According to the National Institute of Mental Health, childhood trauma is defined as: “The experience of an event by a child that is emotionally painful or distressful, which often results in lasting mental and physical effects.” Just under half (45 percent) of children in the United States have experienced at least one ACE (Adverse Childhood Experience), and one in ten children nationally has experienced three or more ACEs, placing them in a category of especially high risk1. It is vital for parents, schools, and communities to understand how to support these children.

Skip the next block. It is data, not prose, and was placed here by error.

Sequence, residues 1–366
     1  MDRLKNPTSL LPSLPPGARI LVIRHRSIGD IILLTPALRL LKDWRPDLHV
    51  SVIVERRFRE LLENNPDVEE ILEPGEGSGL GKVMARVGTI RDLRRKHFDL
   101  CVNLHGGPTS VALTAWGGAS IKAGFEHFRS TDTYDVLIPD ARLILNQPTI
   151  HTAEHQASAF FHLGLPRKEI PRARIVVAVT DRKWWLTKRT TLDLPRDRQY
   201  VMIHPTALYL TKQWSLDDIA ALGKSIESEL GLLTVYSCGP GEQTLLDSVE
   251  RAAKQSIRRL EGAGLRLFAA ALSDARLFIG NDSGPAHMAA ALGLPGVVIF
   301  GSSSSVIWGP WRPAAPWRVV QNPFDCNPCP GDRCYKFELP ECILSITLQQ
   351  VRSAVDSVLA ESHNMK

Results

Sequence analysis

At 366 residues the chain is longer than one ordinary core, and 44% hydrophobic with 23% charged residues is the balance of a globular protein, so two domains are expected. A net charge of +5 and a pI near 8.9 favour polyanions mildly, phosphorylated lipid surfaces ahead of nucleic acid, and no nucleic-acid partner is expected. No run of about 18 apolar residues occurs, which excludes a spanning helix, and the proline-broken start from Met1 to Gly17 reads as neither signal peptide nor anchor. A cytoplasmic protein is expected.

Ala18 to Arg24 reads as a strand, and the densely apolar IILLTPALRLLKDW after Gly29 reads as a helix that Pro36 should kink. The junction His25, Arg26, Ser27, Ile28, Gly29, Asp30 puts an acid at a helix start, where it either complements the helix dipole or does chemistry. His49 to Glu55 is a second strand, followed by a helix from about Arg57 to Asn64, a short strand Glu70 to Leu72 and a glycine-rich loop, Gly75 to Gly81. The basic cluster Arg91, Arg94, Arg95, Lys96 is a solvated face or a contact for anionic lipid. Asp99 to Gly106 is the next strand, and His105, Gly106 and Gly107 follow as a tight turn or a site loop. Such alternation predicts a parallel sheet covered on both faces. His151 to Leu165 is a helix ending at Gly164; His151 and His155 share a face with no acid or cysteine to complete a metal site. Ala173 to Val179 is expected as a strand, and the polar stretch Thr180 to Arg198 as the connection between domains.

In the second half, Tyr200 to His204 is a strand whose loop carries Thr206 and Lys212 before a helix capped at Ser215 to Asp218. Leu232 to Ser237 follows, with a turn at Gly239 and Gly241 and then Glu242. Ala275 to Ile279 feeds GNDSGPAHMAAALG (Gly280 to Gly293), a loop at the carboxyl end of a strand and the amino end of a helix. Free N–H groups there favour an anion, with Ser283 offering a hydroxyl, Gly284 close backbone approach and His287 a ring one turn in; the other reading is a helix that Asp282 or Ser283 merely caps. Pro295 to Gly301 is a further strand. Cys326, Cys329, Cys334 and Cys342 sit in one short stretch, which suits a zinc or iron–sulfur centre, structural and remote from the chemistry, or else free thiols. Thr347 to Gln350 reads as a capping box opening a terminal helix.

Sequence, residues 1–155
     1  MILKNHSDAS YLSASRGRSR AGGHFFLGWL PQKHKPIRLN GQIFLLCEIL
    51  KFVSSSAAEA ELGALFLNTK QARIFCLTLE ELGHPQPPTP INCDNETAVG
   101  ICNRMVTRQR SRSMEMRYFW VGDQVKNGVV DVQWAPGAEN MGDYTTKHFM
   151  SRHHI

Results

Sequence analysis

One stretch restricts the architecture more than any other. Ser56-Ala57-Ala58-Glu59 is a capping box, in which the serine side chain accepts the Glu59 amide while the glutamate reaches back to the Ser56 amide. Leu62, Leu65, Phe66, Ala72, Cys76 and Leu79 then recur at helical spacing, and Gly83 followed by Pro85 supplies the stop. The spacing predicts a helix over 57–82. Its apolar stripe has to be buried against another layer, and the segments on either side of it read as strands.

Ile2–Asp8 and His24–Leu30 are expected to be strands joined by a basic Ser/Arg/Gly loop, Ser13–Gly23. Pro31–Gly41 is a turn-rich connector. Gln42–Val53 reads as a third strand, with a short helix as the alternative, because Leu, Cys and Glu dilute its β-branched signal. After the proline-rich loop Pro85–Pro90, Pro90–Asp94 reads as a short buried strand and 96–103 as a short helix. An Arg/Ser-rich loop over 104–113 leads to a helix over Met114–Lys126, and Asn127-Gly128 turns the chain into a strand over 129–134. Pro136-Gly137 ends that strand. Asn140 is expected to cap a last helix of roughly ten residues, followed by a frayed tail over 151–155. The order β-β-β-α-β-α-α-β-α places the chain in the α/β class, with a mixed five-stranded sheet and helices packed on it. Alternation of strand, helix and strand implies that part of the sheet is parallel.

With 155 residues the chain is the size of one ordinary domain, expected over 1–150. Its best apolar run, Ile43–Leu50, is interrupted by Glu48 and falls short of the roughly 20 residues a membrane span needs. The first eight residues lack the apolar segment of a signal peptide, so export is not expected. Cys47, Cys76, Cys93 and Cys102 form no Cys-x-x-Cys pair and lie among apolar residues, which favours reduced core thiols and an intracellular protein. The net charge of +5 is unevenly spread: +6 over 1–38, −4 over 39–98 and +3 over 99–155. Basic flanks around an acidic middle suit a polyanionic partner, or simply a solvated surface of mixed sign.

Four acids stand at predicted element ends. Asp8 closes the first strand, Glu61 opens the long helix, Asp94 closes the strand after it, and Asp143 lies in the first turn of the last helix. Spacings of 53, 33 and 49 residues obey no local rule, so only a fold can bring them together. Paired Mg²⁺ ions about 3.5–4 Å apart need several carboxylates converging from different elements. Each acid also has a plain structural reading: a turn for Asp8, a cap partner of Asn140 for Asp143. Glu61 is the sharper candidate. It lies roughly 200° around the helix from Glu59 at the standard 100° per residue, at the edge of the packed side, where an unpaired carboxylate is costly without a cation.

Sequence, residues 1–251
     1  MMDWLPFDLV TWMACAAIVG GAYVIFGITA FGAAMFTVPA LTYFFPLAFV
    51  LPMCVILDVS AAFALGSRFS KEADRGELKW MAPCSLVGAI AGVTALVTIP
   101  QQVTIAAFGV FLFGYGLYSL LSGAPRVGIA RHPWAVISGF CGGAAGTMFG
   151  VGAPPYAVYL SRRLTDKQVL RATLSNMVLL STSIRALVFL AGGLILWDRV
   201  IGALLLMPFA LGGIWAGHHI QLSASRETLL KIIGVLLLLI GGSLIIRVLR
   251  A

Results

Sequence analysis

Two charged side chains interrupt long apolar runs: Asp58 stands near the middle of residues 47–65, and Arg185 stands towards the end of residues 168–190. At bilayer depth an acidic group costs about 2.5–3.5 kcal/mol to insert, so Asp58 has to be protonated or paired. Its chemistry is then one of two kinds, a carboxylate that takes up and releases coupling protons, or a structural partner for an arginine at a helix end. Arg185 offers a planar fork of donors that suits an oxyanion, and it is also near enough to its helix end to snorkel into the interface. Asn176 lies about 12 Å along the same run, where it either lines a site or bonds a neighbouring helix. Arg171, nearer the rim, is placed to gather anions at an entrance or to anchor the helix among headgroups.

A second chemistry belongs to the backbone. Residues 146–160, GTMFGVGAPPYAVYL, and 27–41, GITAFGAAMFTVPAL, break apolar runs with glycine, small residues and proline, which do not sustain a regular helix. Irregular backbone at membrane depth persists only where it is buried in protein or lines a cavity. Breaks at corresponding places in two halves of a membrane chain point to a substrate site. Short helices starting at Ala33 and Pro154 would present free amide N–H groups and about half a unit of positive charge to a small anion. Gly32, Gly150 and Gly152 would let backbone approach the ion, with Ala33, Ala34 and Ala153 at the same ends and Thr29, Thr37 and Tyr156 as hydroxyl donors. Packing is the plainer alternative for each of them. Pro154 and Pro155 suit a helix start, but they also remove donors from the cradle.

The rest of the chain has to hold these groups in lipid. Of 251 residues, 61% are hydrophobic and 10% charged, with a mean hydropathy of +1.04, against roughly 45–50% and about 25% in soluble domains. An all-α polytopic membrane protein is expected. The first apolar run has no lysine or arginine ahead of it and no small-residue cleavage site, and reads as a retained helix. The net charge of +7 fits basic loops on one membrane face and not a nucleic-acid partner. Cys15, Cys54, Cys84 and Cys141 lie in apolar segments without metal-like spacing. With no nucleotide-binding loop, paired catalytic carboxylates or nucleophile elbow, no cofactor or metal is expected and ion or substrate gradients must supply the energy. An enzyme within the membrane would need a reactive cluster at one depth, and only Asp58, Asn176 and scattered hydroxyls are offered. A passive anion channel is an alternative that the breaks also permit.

The Recruitment, Training and Support Center (RTSC) strives to improve the lives of children who have experienced trauma by providing high quality training opportunities for both families and professionals. Trainings are available for Special Education Surrogate Parents, DCF Foster/Adoptive parents, professional development for educators, and others.
Full-day, half-day and two hour workshop are available. Below are some of the workshops titles offered:
- Developmental Childhood Trauma: Impact on Academic Performance
- Basic Rights in Special Education: Students with Complex Trauma
- Trauma Sensitive IEPs
To request a training, or for more information, submit the inquiry form below or contact us at firstname.lastname@example.org.
ChildTrend. The prevalence of adverse childhood experiences, nationally, by state, and by race or ethnicity